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'Working from home arrangements have...been quite successful, we're trying to think, what does that mean for the future of how we might work? How do we support ministers when they are remote from us? When we don't have those regular, every few days or at least weekly, face to face meetings?'

– Greg Moriarty, Secretary, Department of Defence[65]

In the pandemic context, APS employees were considered essential to keeping the public safe, delivering services to the community, and enabling continuity of Government.

As for other Australian workplaces, COVID-safe measures were introduced in line with health advice: increasing cleaning of high‑traffic and high-touch areas, hand sanitiser, limits on the number of people in meeting rooms, and increased space between desks. The inability to meet in person prompted increased use of videoconferencing and innovative ways of delivering work in the field.

The largest shift across the APS was the move to working from home, with more than half of the APS working from home at the peak of national COVID-19 restrictions.

The ability for employees to work from home depends on the type of work they do. For operational reasons many employees are required to attend usual places of work. Many of these employees work in frontline call and contact centre roles;[66] others require access to information systems or software unable to be accessed remotely.

The APS managed the risk of exposure to COVID-19 so employees could continue critical work by limiting contact between groups of employees such as rotating teams through the office over different hours of the day or on a week on/week off basis.

Heading home at scale

Prior to the pandemic, almost all APS agencies offered work from home arrangements[67] and 22% of employees indicated they worked away from the office some of the time.[68]

Previously, flexible work was most often utilised by women (56%), and flexible hours, working away from the office or part-time work were the most common flexibility arrangements across all APS employees.[69] 2019 APS employee census data indicates flexibility was well supported, with 83% of respondents agreeing their supervisor actively supported flexible arrangements for all employees, regardless of gender.[70]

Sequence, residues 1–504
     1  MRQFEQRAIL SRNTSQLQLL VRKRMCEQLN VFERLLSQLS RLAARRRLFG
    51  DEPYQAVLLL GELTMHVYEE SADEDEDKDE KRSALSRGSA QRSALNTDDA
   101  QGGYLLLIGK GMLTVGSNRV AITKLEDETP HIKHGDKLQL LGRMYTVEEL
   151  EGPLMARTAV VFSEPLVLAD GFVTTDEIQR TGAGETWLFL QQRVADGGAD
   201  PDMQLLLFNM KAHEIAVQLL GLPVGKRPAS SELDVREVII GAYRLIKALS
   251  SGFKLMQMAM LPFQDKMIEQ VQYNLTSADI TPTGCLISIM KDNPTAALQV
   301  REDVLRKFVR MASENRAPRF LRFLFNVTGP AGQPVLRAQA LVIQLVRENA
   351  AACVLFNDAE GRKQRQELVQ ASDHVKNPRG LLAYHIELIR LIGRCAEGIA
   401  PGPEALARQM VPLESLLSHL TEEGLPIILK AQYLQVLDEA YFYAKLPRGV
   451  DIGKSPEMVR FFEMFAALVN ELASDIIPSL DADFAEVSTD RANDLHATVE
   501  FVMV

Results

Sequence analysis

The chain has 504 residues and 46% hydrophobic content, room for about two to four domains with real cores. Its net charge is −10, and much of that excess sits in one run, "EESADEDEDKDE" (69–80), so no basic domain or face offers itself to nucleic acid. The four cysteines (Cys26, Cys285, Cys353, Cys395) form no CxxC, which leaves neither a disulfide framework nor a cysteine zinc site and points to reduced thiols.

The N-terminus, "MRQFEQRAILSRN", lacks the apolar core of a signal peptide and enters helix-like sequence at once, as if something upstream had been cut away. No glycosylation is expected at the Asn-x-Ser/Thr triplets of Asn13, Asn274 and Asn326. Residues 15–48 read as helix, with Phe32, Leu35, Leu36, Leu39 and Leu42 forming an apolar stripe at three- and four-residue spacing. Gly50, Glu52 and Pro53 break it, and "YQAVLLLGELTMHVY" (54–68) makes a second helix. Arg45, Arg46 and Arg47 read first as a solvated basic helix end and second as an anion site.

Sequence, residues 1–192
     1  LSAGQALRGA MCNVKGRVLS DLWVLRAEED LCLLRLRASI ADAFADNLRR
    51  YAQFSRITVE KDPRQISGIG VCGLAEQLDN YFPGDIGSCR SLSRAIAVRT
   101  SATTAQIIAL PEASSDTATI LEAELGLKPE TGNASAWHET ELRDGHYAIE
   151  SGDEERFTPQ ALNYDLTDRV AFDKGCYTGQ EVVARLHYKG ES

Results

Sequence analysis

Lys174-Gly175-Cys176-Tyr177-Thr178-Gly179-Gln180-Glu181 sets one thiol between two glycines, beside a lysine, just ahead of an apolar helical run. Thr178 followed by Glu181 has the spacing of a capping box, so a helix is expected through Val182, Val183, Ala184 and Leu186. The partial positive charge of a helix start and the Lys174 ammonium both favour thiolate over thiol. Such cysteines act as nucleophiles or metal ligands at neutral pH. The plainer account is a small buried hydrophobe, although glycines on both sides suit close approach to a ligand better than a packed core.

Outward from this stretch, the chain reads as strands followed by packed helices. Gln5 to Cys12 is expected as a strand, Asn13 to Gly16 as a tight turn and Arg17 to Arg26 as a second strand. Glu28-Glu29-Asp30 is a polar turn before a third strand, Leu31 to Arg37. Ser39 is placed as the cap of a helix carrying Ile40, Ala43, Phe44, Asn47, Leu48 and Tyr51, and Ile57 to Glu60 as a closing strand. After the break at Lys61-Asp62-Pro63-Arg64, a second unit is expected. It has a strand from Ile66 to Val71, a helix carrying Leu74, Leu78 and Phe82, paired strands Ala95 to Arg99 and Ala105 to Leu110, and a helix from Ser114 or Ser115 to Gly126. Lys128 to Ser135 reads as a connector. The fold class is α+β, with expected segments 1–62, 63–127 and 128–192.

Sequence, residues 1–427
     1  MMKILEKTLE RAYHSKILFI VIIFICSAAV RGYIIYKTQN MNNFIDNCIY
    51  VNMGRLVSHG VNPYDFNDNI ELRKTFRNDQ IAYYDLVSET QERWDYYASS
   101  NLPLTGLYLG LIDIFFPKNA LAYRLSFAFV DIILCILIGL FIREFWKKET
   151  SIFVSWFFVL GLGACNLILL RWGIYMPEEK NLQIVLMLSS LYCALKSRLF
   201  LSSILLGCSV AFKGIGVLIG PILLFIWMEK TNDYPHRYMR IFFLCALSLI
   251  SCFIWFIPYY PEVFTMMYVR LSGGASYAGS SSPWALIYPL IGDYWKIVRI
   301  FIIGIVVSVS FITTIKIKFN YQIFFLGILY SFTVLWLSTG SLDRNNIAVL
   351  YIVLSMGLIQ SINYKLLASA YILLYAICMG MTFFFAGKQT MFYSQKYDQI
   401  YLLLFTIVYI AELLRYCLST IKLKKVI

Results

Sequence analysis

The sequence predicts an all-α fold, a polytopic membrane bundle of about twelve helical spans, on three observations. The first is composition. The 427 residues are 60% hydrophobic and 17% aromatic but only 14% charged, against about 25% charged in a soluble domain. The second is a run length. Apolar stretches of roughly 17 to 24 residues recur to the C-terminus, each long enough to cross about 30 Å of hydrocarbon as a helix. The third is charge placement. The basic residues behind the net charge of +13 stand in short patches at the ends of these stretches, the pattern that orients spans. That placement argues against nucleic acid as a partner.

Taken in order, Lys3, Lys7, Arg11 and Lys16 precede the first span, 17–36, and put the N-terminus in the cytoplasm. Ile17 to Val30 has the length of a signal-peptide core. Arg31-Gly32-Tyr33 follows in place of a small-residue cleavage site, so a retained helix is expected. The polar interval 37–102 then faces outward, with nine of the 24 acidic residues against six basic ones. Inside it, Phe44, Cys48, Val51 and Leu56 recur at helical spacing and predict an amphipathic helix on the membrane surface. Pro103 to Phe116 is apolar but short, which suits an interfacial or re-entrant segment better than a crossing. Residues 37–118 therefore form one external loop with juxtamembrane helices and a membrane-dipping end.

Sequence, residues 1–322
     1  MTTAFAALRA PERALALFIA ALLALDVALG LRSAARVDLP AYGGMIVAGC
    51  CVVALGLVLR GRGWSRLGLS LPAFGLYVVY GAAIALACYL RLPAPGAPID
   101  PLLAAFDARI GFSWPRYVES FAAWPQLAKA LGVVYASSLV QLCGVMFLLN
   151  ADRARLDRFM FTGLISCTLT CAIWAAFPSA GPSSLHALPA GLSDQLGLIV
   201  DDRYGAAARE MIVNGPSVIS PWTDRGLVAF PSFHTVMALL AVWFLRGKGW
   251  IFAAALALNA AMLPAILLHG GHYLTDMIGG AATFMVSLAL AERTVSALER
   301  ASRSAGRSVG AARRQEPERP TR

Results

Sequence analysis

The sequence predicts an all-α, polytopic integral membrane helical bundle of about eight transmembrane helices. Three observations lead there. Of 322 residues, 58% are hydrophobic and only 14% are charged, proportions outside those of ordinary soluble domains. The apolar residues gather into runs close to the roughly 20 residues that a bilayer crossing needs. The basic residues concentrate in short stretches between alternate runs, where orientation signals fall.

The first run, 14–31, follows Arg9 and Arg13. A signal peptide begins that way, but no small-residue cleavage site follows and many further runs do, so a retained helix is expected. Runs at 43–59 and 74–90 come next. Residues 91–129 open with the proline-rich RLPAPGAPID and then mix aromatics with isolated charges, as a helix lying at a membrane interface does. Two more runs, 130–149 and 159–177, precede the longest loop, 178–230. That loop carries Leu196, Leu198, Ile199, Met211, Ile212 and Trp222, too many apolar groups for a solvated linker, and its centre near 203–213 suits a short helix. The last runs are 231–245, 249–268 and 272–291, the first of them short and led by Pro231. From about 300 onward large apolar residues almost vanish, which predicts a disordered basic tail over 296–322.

In response to the pandemic, flexibility became synonymous with business continuity and protecting the health of APS employees.

In April, at the height of national restrictions, one-fifth of all APS agencies reported that all their employees were working from home. At the highest recorded point, 56% of all APS employees were working from home. This number increased to 69% when Services Australia (which required the majority of its employees to attend usual workplaces for operational reasons) was excluded.[71] 

Managing dispersed teams

'Everyone's adjusted. There's some humour around these things. There's a lot of connection that can come through a screen...the adjustments of a return to work and a return to more normal life...I think we've just got to be quite thoughtful about that and supportive of staff.'

– Frances Adamson, Secretary, Department of Foreign Affairs and Trade[72]  

During 2020, many APS employees worked from home for the first time in their working lives. Some have thrived, some have found elements challenging, and others have found they prefer their usual work environments. While familiar to some, not all APS managers had experience in managing teams in dispersed environments.

No APS-wide data is available yet, however interim data suggests that this managerial capability is mixed across the APS.[73] Some managers found it challenging while others were comfortable managing employees who were working from home:

  • In one agency, most supervisors (60%) thought their role as a supervisor was more challenging than usual due to work from home arrangements.
  • The majority of supervisors (77%) within one agency thought they would benefit from additional training and support to manage dispersed teams.
  • In one agency, 90% of managers indicated they felt comfortable and well prepared to manage employees for extended telework periods.

‘Executives and managers should resist the temptation to micromanage operations. Instead, they should trust, support and enable the people who are keeping critical operations going, identifying and empowering pockets of critical innovation within the organisation.’[74]